Cannabis Has a Long History of Helping Ease Menstrual Discomfort
The remarkable powers of the cannabis flower to treat a variety of maladies have been documented since ancient times, but it’s only with the relatively recent discovery of the endocannabinoid system that we are beginning to understand just how cannabis works for soothing menstrual pain and discomfort.
This age-old botanical, which forms buds only in its female form, has a long history of treating issues associated with female bodies and has proven to be effective in aiding the discomforts associated with women’s monthly cycle around the moon.
Cannabis’ “role in obstetric and gynecological conditions is ancient, but will surprise many by its breadth and prevalence,” explains leading cannabinoid researcher Dr. Ethan Russo.
“Cannabis appears in this role across many cultures, Old World and New, classical and modern, among young and old, in a sort of herbal vanishing act,” Russo writes. “It is only recently that a physiological basis for these claims has been available with the discovery of the endocannabinoid system.”
As early as the 9th century, Persian texts cite the use of cannabis to “calm uterine pains.” And a Chinese text in 1596 based on ancient remedies recommends cannabis for menstrual disorders. However, when it comes to using cannabis to ease menstrual pain, the most well-known origin story has royal lineage. It was widely known that Queen Victoria received monthly doses of cannabis indica for menstrual discomfort throughout her adult life.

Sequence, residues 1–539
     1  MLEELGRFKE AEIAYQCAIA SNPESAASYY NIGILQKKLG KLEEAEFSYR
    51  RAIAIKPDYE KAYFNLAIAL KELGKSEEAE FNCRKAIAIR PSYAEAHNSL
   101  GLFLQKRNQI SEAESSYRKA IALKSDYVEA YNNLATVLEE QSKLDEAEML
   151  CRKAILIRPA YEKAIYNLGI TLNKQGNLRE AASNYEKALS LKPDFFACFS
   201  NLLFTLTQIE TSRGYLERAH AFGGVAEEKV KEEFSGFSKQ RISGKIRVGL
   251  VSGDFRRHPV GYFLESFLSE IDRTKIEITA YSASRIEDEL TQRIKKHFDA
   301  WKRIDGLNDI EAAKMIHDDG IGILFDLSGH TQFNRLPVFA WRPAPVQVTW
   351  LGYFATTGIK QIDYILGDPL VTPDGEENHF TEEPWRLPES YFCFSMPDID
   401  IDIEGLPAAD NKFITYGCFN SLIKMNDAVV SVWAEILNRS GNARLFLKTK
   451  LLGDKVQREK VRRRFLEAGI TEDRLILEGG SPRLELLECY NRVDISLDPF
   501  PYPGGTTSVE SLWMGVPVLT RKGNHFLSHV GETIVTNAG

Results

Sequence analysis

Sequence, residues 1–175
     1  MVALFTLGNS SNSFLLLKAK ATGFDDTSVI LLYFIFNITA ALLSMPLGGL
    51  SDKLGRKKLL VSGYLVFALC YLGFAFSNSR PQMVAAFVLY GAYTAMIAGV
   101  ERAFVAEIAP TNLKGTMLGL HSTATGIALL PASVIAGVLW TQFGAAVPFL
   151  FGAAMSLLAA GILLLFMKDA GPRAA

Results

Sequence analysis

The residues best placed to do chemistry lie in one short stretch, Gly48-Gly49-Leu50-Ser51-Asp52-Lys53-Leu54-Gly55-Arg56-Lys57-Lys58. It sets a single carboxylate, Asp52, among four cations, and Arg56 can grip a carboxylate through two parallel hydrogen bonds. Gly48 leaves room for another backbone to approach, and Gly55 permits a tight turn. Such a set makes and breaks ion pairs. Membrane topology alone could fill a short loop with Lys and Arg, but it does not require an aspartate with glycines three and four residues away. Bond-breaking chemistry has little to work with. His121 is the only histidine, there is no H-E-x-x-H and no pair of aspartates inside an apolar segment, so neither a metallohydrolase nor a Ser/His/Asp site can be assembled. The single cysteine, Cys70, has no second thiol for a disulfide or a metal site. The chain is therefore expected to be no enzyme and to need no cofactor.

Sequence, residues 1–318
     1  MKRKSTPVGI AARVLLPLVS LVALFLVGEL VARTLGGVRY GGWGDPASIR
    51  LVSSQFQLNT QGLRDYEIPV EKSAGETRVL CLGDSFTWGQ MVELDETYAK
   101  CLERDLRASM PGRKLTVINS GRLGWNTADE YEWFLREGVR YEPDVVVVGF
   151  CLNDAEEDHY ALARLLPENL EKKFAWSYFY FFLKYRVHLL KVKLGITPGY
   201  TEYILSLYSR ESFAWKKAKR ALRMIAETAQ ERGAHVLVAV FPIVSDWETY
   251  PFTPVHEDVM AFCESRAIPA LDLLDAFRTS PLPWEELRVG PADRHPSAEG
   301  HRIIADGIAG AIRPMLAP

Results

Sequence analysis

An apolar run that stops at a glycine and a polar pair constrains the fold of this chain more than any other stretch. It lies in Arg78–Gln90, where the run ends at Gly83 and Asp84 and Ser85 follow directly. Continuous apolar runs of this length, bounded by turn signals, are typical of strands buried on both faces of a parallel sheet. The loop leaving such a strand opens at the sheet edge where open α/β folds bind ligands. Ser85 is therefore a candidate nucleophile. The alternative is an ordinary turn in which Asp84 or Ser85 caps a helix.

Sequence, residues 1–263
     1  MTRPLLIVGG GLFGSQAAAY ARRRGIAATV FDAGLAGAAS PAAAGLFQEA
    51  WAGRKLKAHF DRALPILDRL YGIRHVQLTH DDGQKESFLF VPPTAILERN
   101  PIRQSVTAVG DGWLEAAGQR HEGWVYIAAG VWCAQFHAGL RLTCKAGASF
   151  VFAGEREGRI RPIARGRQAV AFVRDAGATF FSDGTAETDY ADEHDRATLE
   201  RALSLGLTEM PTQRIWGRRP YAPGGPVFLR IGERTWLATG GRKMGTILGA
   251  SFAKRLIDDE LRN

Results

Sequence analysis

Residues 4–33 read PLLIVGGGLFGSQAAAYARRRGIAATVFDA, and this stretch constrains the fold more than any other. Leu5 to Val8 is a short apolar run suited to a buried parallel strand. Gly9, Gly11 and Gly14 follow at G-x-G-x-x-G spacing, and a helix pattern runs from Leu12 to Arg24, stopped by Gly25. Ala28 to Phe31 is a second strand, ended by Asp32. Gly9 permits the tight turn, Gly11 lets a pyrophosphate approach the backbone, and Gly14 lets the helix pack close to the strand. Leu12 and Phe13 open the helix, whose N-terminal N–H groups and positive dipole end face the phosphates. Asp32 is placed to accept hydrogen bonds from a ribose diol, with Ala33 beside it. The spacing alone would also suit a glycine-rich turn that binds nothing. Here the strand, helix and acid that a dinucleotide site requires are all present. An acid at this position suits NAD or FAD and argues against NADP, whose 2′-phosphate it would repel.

Following 30 years of experimentation with the plant, the Queen’s personal physician, Sir J. Russell Reynolds, was convinced of its effectiveness.
Cannabis “is one of the most valuable medicines we possess,” Reynolds wrote in 1890 in the Lancet Journal, one of the world’s oldest and well-respected medical journals.
He described the plant as being “of great service in cases of simple spasmodic dysmenorrhea,” a clinical term describing painful contractions of the uterus, more commonly known as menstrual cramps.
Reynolds went on to write that cannabis benefits many conditions beyond menstrual discomfort, also citing its ability to quell spasms caused by epilepsy disorders.
The endogenous cannabinoid system, or endocannabinoid system, was discovered in the early 1900s and named after the plant that led to its discovery. Leading cannabinoid researcher Dr. Dustin Sulak describes it as “perhaps the most important physiologic system involved in establishing and maintaining human health.”
Cannabinoid receptors are found throughout the body, in the brain, organs, connective tissues, glands, and immune cells. And when cannabis is consumed, chemicals found in the plant that are responsible for its effects in the mind and body, called cannabinoids, bind to these endocannabinoid receptors and help to promote homeostasis.